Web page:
Only millionaires in Parliament

Nieuws | de redactie
24 juni 2013 | Philosopher Teun Dekker (Maastricht University) analyzed the debate on exorbitant pay for high public officials: arguments are often flawed. Former Belgian PM Guy Verhofstadt critically reflected on the philosopher’s study.

In every debate about the payment of high public officials, the same arguments come to the fore. Philosopher Teun Dekker (Maastricht University) studied these arguments across seventeen liberal democracies. “Politics without philosophy is blind, and philosophy without politics is impotent”, Dekker said at a busy presentation at the Brussels’ Campus of the Maastricht University.

Elegant analyses

The issue of how much a public servant should be paid, is as old as political philosophy itself. “In The Republic Plato already spoke of it”, Dekker said. “The problem is: we talk about the issue very badly, we talk in a fragmented way and there is a lot of yelling involved. Recently I spoke at a public hearing in the European Parliament and an fight practically broke out.”

“If we cannot explain how decisions are being reached, there will be a legitimacy problem”, Teun Dekker explained. “Therefore I tried to analyse all the arguments in a coherent, elegant fashion. The arguments in politics are like icebergs: a lot is implied by the arguments used.”

Pigs in Parliament

Teun Dekker then minutely dissected some of the arguments, for example: salaries for public officials should be low, because this guarantees their being ‘of the people’. “Switzerland has this logic and it results in the fact that most MPs are millionaires, since only millionaires can afford to take on a job with low payments.”

“It was fascinating reading your study”, Verhofstadt said in response to the publication, “Especially the peaceful demonstrations in Kenya, where protesters occupied the government building in response to the anticipated pay rise for MPs from $ 78.000 to $ 126.000, calling the MPs, ‘MPigs’ and illustrating that with real life pigs in front of Parliament.”

MPigs Kenia

Protesting against pay rise for MPs with ‘MPigs’

Reinforcing populism

Mr. Verhofstadt praised Dekker for his empirical approach and the impressive amount of political debates – more than 100 – that were used in the research. “Many debates on the payment of high public officials aim to reinforce the populist stance, not to correct it.”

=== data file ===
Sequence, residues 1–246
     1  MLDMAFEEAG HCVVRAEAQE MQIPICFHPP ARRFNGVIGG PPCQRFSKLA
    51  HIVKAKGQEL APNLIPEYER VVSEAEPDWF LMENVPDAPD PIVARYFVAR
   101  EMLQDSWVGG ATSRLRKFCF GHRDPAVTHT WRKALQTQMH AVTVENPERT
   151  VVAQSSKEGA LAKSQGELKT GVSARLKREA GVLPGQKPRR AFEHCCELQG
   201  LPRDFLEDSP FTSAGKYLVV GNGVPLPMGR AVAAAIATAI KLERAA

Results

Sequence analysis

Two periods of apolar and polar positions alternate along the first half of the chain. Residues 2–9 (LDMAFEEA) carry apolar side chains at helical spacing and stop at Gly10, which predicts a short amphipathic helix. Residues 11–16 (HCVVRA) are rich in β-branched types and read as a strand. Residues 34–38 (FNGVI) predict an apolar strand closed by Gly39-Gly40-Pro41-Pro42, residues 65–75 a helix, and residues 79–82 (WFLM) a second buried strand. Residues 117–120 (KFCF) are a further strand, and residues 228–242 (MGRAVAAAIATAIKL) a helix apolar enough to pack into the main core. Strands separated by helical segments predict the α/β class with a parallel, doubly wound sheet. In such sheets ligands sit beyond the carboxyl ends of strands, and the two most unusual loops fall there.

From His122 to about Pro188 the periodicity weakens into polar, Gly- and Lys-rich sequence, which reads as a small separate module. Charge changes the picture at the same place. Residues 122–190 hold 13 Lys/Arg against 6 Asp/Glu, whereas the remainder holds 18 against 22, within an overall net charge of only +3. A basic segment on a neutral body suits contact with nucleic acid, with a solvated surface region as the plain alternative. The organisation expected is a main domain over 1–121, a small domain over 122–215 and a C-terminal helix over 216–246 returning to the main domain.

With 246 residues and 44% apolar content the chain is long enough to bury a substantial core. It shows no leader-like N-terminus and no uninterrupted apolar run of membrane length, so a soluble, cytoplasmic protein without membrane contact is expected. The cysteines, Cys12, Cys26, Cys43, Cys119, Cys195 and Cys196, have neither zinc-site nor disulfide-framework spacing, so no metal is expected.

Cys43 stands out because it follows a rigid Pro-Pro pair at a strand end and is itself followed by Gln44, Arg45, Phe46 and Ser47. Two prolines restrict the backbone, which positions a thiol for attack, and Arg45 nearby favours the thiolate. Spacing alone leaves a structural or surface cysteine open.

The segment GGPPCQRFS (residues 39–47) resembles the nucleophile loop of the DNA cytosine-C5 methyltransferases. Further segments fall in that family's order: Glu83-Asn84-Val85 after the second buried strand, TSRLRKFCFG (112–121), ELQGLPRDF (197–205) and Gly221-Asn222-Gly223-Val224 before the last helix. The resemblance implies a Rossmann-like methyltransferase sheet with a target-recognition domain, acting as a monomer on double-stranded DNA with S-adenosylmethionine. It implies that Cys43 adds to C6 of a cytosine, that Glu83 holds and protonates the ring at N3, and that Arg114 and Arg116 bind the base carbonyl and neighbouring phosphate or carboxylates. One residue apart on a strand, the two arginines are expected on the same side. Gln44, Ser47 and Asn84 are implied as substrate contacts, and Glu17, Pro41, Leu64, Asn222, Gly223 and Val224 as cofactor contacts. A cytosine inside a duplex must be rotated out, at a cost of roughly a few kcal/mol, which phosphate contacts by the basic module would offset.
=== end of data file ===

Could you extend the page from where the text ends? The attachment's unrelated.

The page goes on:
“In real life there are many more arguments than those used in the study”, Verhofstadt continued. Still your analytic discourse evaluation can be a valuable tool to dissect an argument. Maybe it will lead to better justification of policy choices.”

Mr. Verhofstadt thought one should not  overestimate the practical use of political philosophy in politics. “It cannot replace the political decision making. Neither will it predict which arguments will prevail. The sole purpose of the analytical evaluation is being the referee in the debate. And just like in football the referee should not take one side.”

Sorry, we are not rational

The greatest weakness of the study, Verhofstadt said, is the fact that politics is often not at all rational. “Rational discourse will always be just a small part of political decision making. Politics is about people’s hopes and dreams and from time to time nightmares. Political decision making is not a laboratory.”

“And what is equal pay for equal work? I consider the private sector very different from the public sector, so the term ‘equal pay’ should rather be replaced by ‘fair pay’.”

Verhofstadt continued on the question ‘what makes a good and effective public servant’. “When I entered politics, it was passion for change that drove me, not the pay at the end of the month.”


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